The depreciation of the dollar was one of the market surprises of 2017, defying the predictions of many analysts and economists at the start of that year.
Continued weakness in 2018 has led some, including European officials, to warn about possible detrimental effects on growth. They are highlighting what may be thought of as the foreign exchange markets’ “hot potato” syndrome — no one appears able or willing to navigate the growth and trade consequences of a meaningful and durable appreciation of their currency.
Although these concerns are understandable and unlikely to go away soon, significant further dollar depreciation is far from a given. Moreover, it is in the power of Europe and Japan to deal with the spillover effects of recent foreign-exchange moves, though the situation does complicate the immediate policy issues facing both the Bank of Japan and the European Central Bank.
When measured by the DXY index, the dollar’s value against other currencies dropped 10 percent in 2017, with another 1.5 percent decline so far this year. These moves have confounded many analysts, especially those who focus primarily on U.S. economic and policy developments. After all, the Federal Reserve has ended up hiking rates more than the markets predicted a year ago, and the economy has grown faster than most anticipated — outcomes that would normally lead to an appreciation of the currency.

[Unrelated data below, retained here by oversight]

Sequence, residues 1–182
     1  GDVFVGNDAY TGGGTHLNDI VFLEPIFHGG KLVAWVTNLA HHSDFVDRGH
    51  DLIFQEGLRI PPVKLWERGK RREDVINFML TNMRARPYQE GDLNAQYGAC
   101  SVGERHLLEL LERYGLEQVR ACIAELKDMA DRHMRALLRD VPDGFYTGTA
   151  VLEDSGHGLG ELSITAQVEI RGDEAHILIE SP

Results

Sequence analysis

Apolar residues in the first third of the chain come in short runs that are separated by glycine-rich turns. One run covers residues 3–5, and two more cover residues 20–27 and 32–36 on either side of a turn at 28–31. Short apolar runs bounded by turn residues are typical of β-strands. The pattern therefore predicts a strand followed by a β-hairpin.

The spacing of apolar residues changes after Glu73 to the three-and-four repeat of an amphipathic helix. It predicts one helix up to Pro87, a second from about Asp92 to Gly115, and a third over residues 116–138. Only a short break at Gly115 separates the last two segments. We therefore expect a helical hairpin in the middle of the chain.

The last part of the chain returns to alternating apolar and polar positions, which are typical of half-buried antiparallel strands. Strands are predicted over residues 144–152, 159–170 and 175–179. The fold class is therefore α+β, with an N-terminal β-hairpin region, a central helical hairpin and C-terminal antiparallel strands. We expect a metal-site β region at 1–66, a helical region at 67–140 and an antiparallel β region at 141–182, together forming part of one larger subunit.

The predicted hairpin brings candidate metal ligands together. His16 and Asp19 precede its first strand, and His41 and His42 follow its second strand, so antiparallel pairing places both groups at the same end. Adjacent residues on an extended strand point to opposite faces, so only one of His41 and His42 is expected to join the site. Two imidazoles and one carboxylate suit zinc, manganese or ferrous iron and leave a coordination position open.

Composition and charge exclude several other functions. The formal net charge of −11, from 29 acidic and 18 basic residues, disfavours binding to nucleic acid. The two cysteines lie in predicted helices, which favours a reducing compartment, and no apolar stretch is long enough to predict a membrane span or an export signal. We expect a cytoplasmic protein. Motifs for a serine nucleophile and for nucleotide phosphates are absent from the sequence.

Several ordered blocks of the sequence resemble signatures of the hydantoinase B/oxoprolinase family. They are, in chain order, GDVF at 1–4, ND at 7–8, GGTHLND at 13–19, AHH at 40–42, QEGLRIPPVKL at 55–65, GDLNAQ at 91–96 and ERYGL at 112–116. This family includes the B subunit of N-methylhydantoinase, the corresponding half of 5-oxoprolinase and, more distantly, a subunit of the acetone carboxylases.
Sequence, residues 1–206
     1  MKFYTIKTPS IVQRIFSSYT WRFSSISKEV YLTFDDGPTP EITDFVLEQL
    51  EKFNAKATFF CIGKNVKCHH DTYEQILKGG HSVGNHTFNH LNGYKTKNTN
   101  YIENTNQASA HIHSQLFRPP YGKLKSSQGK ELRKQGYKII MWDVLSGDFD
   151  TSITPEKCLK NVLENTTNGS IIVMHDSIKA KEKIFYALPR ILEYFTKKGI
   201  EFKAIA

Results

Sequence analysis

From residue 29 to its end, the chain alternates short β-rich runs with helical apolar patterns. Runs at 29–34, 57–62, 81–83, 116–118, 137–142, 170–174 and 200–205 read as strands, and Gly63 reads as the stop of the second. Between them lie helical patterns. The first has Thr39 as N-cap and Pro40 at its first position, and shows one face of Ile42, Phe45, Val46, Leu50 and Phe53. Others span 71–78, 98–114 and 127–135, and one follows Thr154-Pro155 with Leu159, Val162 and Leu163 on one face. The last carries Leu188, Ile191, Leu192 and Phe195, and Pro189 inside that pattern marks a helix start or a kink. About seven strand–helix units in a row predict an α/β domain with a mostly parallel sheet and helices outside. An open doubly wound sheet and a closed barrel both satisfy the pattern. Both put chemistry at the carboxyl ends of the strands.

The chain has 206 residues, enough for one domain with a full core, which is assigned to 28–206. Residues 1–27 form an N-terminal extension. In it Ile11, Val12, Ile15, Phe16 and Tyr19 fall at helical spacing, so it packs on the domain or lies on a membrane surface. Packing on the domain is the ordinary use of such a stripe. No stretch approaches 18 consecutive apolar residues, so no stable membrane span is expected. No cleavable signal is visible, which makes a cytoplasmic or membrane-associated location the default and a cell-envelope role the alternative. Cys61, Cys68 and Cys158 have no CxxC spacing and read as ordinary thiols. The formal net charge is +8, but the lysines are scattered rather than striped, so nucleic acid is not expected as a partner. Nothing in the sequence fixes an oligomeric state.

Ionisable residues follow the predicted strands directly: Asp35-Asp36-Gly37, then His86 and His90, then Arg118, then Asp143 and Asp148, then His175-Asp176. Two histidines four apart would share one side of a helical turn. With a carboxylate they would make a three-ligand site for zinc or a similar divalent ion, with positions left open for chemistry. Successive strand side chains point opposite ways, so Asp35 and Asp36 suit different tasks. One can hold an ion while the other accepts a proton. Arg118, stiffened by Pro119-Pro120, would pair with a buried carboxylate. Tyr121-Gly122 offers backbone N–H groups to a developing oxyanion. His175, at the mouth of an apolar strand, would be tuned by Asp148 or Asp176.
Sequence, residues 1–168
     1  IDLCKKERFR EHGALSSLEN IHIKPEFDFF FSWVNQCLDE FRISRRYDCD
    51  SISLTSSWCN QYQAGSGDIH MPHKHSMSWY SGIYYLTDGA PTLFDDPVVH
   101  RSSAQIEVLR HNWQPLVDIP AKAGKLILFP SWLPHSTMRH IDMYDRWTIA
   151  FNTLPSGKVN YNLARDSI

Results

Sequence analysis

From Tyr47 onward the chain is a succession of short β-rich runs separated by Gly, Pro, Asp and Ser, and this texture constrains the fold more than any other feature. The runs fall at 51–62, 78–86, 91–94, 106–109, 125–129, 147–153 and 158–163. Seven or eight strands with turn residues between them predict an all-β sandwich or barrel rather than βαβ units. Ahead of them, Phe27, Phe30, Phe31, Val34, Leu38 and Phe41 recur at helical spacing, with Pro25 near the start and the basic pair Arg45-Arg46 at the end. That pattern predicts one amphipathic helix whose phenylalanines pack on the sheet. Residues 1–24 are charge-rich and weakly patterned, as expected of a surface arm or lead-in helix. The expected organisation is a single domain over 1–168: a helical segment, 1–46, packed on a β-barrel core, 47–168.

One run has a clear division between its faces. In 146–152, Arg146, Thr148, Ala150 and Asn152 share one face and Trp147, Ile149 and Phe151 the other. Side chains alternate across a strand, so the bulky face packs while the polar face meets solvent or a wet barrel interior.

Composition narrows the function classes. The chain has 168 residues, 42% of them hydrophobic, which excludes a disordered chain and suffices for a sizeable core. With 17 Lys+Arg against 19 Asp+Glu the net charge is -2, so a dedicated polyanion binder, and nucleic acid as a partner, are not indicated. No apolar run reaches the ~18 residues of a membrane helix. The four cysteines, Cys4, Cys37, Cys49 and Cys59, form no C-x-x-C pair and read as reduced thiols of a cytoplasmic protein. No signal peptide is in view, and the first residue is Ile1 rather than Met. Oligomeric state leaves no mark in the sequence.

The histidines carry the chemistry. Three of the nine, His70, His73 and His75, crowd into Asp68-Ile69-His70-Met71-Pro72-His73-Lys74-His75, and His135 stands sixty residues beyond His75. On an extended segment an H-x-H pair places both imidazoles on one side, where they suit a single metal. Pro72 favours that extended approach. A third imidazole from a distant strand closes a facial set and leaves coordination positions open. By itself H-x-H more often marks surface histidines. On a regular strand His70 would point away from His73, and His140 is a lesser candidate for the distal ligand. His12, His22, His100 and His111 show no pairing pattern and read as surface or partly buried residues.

True, a year ago, President Donald Trump warned that a greenback that is too strong would have deleterious effects on U.S. growth, trade and jobs. Those comments led to an immediate depreciation. But another contributor to the currency’s surprising evolution is what has been happening abroad, including in Europe.
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